Wednesday, 26 January 2011: 4:00 PM
4C-4 (Washington State Convention Center)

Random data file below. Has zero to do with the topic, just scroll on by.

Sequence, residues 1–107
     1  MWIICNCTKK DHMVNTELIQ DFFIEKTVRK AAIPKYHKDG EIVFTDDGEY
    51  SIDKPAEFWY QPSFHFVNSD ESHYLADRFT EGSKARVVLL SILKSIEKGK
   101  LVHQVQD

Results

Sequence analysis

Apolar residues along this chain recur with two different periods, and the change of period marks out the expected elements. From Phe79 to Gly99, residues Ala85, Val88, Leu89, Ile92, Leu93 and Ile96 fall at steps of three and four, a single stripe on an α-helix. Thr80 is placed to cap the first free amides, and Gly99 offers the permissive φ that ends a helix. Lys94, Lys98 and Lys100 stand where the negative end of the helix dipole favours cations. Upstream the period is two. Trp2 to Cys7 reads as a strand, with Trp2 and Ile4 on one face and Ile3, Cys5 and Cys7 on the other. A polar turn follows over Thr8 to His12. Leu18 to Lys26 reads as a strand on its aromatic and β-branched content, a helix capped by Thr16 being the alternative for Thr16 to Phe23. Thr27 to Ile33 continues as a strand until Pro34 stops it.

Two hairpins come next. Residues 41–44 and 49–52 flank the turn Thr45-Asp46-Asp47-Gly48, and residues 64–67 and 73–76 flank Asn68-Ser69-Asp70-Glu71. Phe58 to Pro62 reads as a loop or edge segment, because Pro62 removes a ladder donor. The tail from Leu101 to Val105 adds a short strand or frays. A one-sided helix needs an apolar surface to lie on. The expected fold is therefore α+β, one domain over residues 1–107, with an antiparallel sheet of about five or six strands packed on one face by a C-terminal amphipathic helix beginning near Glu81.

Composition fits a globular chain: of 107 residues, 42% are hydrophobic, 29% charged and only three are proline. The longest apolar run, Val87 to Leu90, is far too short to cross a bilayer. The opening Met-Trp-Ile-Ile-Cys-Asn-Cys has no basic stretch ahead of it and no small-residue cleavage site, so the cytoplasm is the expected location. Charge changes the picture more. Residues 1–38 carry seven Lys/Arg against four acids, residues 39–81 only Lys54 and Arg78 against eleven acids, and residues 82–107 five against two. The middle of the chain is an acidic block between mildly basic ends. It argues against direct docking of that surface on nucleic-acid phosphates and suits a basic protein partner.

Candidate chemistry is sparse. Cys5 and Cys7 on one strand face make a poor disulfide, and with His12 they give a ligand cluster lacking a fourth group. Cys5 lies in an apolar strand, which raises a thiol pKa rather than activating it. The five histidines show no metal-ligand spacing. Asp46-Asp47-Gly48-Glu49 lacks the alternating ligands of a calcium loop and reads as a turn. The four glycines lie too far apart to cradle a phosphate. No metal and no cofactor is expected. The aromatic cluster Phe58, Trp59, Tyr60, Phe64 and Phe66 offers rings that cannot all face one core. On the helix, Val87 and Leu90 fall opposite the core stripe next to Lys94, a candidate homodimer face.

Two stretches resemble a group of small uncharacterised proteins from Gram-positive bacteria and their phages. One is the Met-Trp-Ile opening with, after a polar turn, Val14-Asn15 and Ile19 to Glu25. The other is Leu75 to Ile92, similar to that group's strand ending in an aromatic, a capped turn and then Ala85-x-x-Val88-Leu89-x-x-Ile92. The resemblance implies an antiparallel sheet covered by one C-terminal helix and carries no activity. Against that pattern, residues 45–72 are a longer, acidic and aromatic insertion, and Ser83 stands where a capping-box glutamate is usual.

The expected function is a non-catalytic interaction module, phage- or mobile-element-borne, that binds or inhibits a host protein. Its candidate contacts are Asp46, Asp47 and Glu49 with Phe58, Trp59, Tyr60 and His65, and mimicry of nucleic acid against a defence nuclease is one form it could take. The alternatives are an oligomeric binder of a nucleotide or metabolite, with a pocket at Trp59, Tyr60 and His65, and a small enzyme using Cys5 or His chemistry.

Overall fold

This paper presents an ethnohistorian's ways of knowing how, and in what ways, weather and climate influenced Indigenous North American societies and Europeans in North America before the nineteenth century. Since the end of the Pleistocene, 10,000 years ago, climate played an enormous role in people's daily lives, from its influence on their food, clothing, and shelter to its impact on politics, economic life, world view, and migrations. Major shifts in climate at times resulted in pivotal cultural and ecological changes that led to the creation of new societies and new economic networks, while other societies and trade networks vanquished. The scope of this topic demands interdisciplinary approaches, theory, evidence, and rigorous comparative scrutiny. The model framing the project not only promotes a means for communicating across research disciplines; it also illustrates ways by which cross-disciplinary analysis corroborates, enhances, and advances our separate and collective ways of knowing more about the intersections of climate and societies over such a vast scale of the human past.
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